Gold, Safe-Haven Assets Soars, ECB Warns Trade War ‘Extremely Detrimental’
Prices of gold and other safe-haven assets closed high on Wednesday as fears of a global economic slowdown rise because of the continuing trade friction between China and the United States. Spot Gold gained .2 percent to $1,281.30 per ounce by 1:54 p.m. EDT and United States gold futures closed 0.3 percent higher at $1,281.
According to Jeffrey Christian, managing partner of CPM Group, it is not just the trade war but the status of U.S., Chinese and the European economies and Brexit hanging around there. He also said that, in this kind of environment, investors and corporations are not quite sure how to play this market.
He added that investors are confused about whether to go long stocks or short stocks, long bonds or short bonds. He said that they are siding with the precious metals. He projected that there will be a decline in the U.S. stock markets for the past couple of days.
OANDA senior market analyst Edward Moya said in a note that gold rises on trade angst but remains the least preferred safe-haven as investors flee to bonds. He added that the yellow metal has delivered limited gains on growing recessionary concerns, but that could change on the break of $1,300 an ounce.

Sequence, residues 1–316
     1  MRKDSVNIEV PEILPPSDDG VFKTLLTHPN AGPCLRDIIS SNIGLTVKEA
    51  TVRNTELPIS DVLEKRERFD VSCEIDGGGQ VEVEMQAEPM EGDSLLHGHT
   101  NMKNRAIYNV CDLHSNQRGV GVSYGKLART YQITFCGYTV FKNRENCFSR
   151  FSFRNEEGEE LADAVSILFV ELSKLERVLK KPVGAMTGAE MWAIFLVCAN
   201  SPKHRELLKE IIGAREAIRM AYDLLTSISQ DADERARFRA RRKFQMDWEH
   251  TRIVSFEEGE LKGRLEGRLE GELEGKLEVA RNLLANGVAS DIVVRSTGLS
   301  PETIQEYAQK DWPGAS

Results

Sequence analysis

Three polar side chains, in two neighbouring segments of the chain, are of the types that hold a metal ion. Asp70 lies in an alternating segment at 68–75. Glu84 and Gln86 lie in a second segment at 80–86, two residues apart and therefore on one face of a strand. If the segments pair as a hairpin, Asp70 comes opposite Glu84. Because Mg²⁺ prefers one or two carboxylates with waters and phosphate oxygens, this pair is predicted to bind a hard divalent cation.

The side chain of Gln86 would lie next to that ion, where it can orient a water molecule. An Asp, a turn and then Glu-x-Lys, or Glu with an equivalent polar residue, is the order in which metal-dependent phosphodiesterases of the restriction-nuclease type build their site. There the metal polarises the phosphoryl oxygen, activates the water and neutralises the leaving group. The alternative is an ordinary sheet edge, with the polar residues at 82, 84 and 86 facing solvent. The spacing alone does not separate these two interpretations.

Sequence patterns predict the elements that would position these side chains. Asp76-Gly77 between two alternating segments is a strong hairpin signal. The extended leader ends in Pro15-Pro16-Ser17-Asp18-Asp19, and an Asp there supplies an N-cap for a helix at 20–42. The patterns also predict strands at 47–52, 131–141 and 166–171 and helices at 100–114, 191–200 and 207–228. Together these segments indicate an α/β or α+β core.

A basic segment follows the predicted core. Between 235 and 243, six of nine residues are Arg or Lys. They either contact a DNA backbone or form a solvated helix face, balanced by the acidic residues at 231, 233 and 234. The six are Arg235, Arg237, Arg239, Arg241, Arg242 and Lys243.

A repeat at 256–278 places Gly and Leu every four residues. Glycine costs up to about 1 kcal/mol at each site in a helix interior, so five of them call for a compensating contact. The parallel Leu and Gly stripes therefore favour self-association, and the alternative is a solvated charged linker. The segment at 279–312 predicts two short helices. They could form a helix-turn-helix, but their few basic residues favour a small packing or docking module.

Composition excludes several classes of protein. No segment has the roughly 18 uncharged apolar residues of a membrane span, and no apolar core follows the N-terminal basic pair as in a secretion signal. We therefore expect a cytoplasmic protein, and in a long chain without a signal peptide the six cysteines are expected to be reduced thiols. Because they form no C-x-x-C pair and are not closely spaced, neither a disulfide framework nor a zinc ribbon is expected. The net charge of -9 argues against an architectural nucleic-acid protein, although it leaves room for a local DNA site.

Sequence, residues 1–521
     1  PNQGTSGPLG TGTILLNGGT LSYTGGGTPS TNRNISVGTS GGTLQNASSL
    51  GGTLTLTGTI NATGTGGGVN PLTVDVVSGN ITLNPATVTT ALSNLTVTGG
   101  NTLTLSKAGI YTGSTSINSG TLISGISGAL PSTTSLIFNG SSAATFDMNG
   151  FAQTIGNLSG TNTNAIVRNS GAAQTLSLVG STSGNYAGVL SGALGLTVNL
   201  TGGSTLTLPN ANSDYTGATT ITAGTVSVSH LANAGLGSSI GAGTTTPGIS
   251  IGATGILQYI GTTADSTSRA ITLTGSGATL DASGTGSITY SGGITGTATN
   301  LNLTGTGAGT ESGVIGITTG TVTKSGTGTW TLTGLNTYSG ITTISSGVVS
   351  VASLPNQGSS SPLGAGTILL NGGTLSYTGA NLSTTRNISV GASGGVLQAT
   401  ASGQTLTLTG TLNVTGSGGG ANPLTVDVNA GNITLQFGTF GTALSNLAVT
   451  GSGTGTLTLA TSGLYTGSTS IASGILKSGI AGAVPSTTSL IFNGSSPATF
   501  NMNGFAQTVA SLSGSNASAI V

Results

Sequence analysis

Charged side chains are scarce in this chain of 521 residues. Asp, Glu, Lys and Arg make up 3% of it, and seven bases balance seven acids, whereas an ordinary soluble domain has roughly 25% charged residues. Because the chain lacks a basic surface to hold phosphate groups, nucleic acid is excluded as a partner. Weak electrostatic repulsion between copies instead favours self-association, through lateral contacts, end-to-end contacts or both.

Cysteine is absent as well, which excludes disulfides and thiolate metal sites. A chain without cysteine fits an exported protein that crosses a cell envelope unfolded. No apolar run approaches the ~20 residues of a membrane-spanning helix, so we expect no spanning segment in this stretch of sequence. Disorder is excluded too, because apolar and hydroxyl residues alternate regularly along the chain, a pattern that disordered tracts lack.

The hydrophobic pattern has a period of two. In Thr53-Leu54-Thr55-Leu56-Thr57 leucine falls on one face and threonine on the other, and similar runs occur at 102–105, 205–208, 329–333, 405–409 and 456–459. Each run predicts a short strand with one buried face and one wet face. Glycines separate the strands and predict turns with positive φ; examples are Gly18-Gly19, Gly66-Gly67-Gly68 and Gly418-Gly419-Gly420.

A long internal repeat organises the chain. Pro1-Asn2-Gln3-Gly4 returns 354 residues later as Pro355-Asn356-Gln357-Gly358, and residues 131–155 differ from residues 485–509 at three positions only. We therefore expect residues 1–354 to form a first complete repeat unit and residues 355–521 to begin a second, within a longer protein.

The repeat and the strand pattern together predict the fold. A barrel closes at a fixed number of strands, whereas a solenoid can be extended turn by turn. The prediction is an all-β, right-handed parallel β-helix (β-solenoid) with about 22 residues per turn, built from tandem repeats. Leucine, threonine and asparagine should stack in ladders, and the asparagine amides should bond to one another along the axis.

The fears of world recession resurfaced because of the low macro data in major economies causing investors to seek alternatives for the currency. The European Central Bank (ECB) warned that the Growing uncertainty about global economic growth could lead to "bouts of high volatility" in financial markets.
ECB also said in its Financial Stability Review (FSR) that weaker-than-expected growth and a possible escalation of trade tensions could trigger further falls in asset prices.
The escalating trade war between the world's largest economies caused periods of heavy selling of global stocks. Since the start of the month, the Dow Jones Industrial Average index and the S&P fell more than 4.6% and 4% respectively since the start of May while the pan-European Stoxx 600 fell 5.2 percent for the month.
According to Luis De Guindos, vice president of the ECB, a full-blown trade war between the United States and China would be "extremely detrimental". He added that it could affect not only the volatility of markets but the real economy quite rapidly.
He also said that the escalating trade tensions would be "very negative news" for the global economy within the context of the current global economic slowdown.